New Criticisms on the Celebrated Text, 1 John V. 7, a Lect., Tr. by W.A. Evanson

New Criticisms on the Celebrated Text, 1 John V. 7, a Lect., Tr. by W.A. Evanson

By (author) 

List price: US$14.13

Currently unavailable

Add to wishlist

AbeBooks may have this title (opens in new window).

Try AbeBooks

Description

This historic book may have numerous typos and missing text. Purchasers can download a free scanned copy of the original book (without typos) from the publisher. Not indexed. Not illustrated. 1829 edition. Excerpt: ...essence (t- o/ooi/-aso): those, on the contrary, which are not of the same essence (t- yuij ofioovma.) cannot be connumerated." And, thence, they argued thus: "As, in the passage ' Three are one, ' the Persons of the Godhead are connumerated; you must, nolentes volentes, in virtue of our axiom and this passage, grant the existence of Three Gods.--What absurdity!" Gregory commences his refutation by controverting the axiom on which the objection of his adversaries was founded. "You say," said he, "if things are to be connumerated, (49) This is evident from the connection with what immediately follows: for they built their whole objection on the connumerating of the Persons in the Godhead; on the Three (TA TPIA); and oil the idea of the One (TO 'EN). I have therefore unravelled the intricate argument of the opponents, for greater perspicuity's sake. (50) The adversaries seem here to have taken the word 'OMOOT2102 in the erroneous sense, which was rejected by the Church in the year 273, at the Councils of Antioch; according to which, there was no difference of the Persons. they must be of the same essence; and therefore there must be no difference between them. What absurdity! Know ye not, that Numerals are merely competent to express the quantity, and not the nature, of the things whose sum they designate? I call things Three, which are that many in number, though they are different in Essence: likewise, I call One and One and One, so many Units, namely, Three, when they have the same essence. For I look not, herein, to their essence; but to their quantity, which constitutes the number that I affix to them5'." Now, though this was clear as the sun, and perfectly sufficient to confute the opponent's...show more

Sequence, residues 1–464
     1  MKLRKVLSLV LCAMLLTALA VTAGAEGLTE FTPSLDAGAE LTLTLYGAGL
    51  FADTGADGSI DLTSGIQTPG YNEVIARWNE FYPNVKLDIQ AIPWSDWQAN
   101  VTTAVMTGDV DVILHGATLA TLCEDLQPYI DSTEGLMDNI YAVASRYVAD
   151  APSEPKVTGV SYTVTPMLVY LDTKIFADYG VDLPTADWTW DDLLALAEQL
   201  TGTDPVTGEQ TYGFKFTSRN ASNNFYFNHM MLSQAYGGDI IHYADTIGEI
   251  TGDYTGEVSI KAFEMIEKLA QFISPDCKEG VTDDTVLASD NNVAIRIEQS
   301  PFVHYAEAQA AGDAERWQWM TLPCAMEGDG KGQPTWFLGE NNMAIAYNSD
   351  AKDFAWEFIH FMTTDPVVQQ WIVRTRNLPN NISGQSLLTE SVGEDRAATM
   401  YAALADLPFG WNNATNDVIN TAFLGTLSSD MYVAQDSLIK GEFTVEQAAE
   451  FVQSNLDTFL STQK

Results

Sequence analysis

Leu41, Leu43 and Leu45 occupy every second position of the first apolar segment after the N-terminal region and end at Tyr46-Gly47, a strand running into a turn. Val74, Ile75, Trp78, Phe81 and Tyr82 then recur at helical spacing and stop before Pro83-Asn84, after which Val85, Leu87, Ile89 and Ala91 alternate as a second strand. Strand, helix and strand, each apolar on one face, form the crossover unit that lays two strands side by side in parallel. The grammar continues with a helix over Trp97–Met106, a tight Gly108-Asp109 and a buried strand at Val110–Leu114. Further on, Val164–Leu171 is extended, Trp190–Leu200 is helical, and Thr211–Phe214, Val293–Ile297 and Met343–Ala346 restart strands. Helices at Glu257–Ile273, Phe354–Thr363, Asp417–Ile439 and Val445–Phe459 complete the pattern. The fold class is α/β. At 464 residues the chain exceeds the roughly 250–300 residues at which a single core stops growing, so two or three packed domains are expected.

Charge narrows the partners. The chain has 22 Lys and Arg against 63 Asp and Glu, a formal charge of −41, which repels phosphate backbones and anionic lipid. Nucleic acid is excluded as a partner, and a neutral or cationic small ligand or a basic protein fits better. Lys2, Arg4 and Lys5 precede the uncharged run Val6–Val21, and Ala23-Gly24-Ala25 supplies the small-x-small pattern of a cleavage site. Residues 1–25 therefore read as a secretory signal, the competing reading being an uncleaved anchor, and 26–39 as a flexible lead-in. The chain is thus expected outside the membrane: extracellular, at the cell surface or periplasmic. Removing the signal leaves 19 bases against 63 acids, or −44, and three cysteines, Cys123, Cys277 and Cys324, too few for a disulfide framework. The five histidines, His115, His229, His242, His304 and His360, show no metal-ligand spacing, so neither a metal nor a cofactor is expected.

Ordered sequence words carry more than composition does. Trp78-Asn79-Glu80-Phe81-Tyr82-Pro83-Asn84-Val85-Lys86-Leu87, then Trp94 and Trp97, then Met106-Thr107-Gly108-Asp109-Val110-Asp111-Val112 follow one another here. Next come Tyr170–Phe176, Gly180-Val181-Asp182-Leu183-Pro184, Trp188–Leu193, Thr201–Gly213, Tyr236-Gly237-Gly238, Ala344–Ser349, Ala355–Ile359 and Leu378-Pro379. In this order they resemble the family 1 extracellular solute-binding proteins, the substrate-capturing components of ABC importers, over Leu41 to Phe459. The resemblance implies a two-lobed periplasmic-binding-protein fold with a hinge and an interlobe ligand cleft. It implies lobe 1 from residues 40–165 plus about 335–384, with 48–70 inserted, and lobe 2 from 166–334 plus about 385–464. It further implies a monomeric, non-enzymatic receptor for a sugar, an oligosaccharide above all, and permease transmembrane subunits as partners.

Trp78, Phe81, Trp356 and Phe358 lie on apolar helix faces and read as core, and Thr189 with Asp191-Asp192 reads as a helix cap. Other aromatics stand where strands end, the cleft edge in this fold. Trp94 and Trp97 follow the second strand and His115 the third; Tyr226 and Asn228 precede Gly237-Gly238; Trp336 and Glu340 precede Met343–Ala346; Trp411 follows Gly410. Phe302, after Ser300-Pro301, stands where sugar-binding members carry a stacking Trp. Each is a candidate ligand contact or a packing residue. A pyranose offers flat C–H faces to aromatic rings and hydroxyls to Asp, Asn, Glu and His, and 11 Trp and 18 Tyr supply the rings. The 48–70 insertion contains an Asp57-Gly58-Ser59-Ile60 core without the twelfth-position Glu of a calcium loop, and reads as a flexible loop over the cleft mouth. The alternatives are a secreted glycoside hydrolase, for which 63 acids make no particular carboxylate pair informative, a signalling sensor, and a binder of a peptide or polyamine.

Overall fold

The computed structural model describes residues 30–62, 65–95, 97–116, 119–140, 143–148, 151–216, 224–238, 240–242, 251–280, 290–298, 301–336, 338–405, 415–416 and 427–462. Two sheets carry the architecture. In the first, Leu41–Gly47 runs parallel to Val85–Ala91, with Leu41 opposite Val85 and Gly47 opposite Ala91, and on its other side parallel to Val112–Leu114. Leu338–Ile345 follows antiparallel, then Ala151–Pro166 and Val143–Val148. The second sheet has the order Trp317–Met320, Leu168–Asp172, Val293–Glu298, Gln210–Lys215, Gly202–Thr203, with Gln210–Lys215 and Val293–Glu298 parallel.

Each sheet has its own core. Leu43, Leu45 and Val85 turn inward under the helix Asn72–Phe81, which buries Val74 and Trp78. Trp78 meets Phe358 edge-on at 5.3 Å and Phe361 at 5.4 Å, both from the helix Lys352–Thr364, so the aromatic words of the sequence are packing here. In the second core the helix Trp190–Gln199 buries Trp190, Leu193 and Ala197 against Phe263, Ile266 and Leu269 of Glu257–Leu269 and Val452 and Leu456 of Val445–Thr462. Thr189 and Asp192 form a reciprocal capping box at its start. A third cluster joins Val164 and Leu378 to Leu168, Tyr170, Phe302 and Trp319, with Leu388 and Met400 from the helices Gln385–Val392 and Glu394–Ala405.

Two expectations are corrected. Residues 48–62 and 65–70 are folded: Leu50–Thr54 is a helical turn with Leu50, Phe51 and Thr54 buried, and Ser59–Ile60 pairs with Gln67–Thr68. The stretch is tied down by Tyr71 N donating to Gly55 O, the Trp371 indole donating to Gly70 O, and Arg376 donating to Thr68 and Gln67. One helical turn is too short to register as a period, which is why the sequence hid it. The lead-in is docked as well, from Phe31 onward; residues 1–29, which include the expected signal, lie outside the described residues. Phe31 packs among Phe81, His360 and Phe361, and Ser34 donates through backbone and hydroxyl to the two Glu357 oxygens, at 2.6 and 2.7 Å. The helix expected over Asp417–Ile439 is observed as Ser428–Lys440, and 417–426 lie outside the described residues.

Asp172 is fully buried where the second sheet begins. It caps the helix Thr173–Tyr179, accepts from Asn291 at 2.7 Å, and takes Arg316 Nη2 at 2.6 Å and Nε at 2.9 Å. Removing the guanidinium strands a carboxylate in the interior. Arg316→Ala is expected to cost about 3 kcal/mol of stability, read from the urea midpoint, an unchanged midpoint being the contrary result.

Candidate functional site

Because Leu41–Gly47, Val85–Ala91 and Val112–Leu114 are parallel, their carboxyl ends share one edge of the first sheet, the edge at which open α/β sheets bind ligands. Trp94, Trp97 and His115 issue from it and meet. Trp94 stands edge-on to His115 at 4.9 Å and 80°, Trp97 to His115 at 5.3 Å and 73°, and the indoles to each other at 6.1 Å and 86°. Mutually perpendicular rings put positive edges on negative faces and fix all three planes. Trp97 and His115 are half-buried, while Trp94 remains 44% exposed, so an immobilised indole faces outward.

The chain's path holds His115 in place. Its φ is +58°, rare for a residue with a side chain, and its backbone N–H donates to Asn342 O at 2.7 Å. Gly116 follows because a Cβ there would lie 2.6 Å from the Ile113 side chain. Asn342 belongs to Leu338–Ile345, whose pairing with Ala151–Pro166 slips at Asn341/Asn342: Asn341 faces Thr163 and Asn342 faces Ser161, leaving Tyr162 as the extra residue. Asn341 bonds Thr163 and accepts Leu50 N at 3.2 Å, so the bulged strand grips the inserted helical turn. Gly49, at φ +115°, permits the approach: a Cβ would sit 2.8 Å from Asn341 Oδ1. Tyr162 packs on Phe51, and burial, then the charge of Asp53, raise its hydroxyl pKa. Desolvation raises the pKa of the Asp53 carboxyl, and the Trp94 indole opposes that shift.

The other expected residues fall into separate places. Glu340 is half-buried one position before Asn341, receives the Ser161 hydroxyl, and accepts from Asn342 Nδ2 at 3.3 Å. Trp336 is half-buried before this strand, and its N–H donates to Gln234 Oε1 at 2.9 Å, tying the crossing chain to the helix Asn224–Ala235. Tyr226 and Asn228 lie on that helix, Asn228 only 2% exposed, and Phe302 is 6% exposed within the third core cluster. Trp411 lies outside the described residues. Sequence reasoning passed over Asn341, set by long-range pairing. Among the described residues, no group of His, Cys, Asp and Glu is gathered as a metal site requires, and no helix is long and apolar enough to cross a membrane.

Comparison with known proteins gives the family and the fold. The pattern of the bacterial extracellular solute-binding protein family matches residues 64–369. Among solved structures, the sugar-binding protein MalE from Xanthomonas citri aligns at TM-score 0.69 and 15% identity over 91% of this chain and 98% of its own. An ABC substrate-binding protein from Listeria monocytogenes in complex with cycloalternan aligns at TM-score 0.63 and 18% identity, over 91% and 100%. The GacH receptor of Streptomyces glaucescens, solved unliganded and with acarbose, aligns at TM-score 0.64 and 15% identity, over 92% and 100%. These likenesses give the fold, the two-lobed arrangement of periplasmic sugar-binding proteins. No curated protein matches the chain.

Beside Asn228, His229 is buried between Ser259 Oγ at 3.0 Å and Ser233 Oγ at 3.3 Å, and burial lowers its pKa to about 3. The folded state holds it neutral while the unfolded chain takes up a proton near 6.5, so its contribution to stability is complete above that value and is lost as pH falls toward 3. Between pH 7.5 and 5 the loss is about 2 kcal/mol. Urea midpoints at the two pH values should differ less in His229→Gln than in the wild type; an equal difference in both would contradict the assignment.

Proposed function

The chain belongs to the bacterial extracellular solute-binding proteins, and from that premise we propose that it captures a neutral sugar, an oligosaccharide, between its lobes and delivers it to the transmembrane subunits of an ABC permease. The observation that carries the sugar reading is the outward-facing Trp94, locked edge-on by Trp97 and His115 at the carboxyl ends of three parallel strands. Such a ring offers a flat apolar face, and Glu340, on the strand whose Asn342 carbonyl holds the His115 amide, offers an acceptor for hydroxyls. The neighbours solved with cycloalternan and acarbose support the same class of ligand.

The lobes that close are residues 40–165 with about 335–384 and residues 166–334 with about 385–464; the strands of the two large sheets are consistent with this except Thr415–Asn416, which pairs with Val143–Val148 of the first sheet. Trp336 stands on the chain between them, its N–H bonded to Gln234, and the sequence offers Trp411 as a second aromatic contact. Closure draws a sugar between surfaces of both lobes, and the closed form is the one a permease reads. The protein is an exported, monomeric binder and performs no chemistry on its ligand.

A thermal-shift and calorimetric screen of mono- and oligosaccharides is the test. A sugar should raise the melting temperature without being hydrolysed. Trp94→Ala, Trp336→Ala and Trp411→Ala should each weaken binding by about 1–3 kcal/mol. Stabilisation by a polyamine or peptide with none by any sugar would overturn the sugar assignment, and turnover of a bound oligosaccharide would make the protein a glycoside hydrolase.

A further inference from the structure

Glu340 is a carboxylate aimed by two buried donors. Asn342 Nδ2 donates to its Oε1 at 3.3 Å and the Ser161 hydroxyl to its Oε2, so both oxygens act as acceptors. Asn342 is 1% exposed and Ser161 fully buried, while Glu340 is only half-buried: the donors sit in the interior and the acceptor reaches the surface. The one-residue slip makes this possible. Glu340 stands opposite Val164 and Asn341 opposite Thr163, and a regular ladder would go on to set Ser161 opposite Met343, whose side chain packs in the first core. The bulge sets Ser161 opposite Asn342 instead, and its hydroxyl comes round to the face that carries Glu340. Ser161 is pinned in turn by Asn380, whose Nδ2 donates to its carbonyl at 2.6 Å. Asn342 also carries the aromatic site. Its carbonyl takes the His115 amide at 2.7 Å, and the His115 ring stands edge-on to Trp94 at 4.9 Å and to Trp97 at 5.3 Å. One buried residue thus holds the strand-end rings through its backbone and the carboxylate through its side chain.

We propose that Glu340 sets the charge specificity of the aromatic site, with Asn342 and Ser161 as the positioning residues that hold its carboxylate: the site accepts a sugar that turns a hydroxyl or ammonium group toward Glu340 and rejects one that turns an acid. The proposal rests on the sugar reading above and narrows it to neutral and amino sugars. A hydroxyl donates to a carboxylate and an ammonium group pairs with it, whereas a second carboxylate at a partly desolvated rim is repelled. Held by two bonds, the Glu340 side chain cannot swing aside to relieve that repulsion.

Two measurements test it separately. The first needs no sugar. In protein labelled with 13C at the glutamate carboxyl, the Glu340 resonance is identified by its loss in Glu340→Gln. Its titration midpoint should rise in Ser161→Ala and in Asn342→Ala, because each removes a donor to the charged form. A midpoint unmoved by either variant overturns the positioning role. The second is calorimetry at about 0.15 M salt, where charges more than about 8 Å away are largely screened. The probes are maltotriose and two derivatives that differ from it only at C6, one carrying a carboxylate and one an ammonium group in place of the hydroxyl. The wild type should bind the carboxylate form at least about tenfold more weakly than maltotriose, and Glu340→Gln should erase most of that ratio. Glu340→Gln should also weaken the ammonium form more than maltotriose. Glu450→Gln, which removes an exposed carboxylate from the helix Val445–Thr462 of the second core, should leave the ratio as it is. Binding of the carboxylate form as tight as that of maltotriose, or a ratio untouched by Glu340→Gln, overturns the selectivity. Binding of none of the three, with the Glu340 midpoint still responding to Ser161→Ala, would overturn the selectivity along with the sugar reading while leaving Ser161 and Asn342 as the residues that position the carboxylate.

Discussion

Product details

  • Paperback | 44 pages
  • 189 x 246 x 2mm | 95g
  • Rarebooksclub.com
  • Miami Fl, United States
  • English
  • black & white illustrations
  • 1236618548
  • 9781236618542